```
# HIDDEN
from datascience import *
%matplotlib inline
import matplotlib.pyplot as plots
plots.style.use('fivethirtyeight')
import math
import numpy as np
from scipy import stats
import ipywidgets as widgets
import nbinteract as nbi
```

Very few of the data histograms that we have seen in this course have been bell shaped. When we have come across a bell shaped distribution, it has almost invariably been an empirical histogram of a statistic based on a random sample.

**The Central Limit Theorem says that the probability distribution of the sum or average of a large random sample drawn with replacement will be roughly normal, regardless of the distribution of the population from which the sample is drawn.**

As we noted when we were studying Chebychev's bounds, results that can be applied to random samples *regardless of the distribution of the population* are very powerful, because in data science we rarely know the distribution of the population.

The Central Limit Theorem makes it possible to make inferences with very little knowledge about the population, provided we have a large random sample. That is why it is central to the field of statistical inference.

Recall Mendel's probability model for the colors of the flowers of a species of pea plant. The model says that the flower colors of the plants are like draws made at random with replacement from {Purple, Purple, Purple, White}.

In a large sample of plants, about what proportion will have purple flowers? We would expect the answer to be about 0.75, the proportion purple in the model. And, because proportions are means, the Central Limit Theorem says that the distribution of the sample proportion of purple plants is roughly normal.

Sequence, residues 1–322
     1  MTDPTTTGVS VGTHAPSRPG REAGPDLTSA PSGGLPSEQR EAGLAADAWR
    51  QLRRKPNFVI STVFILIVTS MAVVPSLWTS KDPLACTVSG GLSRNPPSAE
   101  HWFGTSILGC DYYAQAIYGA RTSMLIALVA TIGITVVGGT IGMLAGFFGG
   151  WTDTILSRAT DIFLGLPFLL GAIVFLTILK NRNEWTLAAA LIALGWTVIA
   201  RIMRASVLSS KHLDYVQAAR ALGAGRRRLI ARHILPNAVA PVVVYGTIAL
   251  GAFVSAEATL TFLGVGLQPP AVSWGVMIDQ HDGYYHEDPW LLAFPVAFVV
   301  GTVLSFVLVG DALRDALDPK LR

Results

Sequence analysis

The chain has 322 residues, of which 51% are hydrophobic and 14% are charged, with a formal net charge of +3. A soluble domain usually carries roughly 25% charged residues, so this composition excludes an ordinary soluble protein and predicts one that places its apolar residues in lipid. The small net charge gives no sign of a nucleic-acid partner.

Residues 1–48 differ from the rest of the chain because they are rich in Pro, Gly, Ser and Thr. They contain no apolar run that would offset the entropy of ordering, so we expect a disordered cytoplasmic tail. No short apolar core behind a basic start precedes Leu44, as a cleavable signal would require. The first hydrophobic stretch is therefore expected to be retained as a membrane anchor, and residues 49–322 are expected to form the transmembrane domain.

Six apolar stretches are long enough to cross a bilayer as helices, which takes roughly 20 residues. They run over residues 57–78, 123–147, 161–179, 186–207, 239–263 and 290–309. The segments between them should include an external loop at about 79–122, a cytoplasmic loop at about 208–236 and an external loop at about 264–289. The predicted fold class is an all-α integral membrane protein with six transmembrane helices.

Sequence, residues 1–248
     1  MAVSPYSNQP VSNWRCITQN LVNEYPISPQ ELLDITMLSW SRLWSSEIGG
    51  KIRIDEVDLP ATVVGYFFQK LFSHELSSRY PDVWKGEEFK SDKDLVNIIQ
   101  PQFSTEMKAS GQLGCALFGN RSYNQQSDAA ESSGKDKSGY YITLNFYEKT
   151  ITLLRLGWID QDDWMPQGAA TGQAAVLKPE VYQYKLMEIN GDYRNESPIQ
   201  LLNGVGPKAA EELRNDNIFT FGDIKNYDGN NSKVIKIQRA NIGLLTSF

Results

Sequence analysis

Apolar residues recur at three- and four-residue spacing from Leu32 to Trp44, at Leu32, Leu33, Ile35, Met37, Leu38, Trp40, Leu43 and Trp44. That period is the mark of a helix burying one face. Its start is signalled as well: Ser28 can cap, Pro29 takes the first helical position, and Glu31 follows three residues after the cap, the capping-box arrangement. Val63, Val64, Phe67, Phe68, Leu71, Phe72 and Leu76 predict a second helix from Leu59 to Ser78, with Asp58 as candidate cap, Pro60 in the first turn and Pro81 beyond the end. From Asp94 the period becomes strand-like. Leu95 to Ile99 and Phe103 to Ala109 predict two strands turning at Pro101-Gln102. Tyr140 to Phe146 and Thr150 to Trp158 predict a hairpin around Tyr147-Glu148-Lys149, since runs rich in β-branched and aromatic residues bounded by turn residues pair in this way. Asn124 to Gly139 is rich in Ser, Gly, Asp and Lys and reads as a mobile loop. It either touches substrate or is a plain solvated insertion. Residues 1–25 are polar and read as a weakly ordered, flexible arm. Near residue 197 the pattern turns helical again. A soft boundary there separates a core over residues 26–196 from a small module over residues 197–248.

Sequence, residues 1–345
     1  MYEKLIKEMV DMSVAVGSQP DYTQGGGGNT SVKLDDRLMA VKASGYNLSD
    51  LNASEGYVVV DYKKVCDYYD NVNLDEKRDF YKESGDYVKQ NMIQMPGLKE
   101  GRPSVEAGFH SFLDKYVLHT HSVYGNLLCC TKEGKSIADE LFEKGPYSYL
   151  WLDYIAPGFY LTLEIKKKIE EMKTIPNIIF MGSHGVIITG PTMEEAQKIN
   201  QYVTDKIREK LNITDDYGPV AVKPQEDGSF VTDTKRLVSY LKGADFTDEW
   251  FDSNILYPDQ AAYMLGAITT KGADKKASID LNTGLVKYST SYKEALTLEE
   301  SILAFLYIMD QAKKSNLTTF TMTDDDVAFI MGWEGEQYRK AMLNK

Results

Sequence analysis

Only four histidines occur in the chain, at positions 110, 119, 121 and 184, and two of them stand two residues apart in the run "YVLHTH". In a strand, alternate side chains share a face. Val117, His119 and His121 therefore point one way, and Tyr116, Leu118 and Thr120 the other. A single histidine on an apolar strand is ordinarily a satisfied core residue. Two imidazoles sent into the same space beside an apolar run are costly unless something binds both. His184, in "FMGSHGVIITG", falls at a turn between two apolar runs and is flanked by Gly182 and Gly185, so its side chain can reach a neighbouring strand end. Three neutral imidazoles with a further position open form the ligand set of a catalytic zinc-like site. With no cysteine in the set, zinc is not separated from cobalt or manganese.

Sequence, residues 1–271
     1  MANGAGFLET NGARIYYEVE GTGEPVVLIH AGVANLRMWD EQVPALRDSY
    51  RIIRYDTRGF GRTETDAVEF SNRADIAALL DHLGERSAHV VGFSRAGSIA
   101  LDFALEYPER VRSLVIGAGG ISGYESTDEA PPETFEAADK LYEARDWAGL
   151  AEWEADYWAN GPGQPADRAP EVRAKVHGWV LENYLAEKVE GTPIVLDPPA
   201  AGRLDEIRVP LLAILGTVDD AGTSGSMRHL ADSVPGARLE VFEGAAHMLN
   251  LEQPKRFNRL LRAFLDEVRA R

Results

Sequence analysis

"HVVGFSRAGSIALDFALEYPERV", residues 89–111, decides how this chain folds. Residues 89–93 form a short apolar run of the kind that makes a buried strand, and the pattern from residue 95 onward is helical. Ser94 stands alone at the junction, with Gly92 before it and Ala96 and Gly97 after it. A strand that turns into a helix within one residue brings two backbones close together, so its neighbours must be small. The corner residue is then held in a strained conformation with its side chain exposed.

We can confirm this by simulation. Let's simulate the proportion of purple-flowered plants in a sample of 200 plants.

```
colors = make_array('Purple', 'Purple', 'Purple', 'White')
model = Table().with_column('Color', colors)
model
```

```
props = make_array()
num_plants = 200
repetitions = 1000
for i in np.arange(repetitions):
sample = model.sample(num_plants)
new_prop = np.count_nonzero(sample.column('Color') == 'Purple')/num_plants
props = np.append(props, new_prop)
props[:5]
```

```
opts = {
'title': 'Distribution of sample proportions',
'xlabel': 'Sample Proportion',
'ylabel': 'Percent per unit',
'xlim': (0.64, 0.84),
'ylim': (0, 25),
'bins': 20,
}
nbi.hist(props, options=opts)
```

There's that normal curve again, as predicted by the Central Limit Theorem, centered at around 0.75 just as you would expect.

How would this distribution change if we increased the sample size? We can copy our sampling code into a function and then use interaction to see how the distribution changes as the sample size increases.

We will keep the number of `repetitions`

the same as before so that the two columns have the same length.

```
def empirical_props(num_plants):
props = make_array()
for i in np.arange(repetitions):
sample = model.sample(num_plants)
new_prop = np.count_nonzero(sample.column('Color') == 'Purple')/num_plants
props = np.append(props, new_prop)
return props
```

```
nbi.hist(empirical_props, options=opts,
num_plants=widgets.ToggleButtons(options=[100, 200, 400, 800]))
```

All of the above distributions are approximately normal but become more narrow as the sample size increases. For example, the proportions based on a sample size of 800 are more tightly clustered around 0.75 than those from a sample size of 200. Increasing the sample size has decreased the variability in the sample proportion.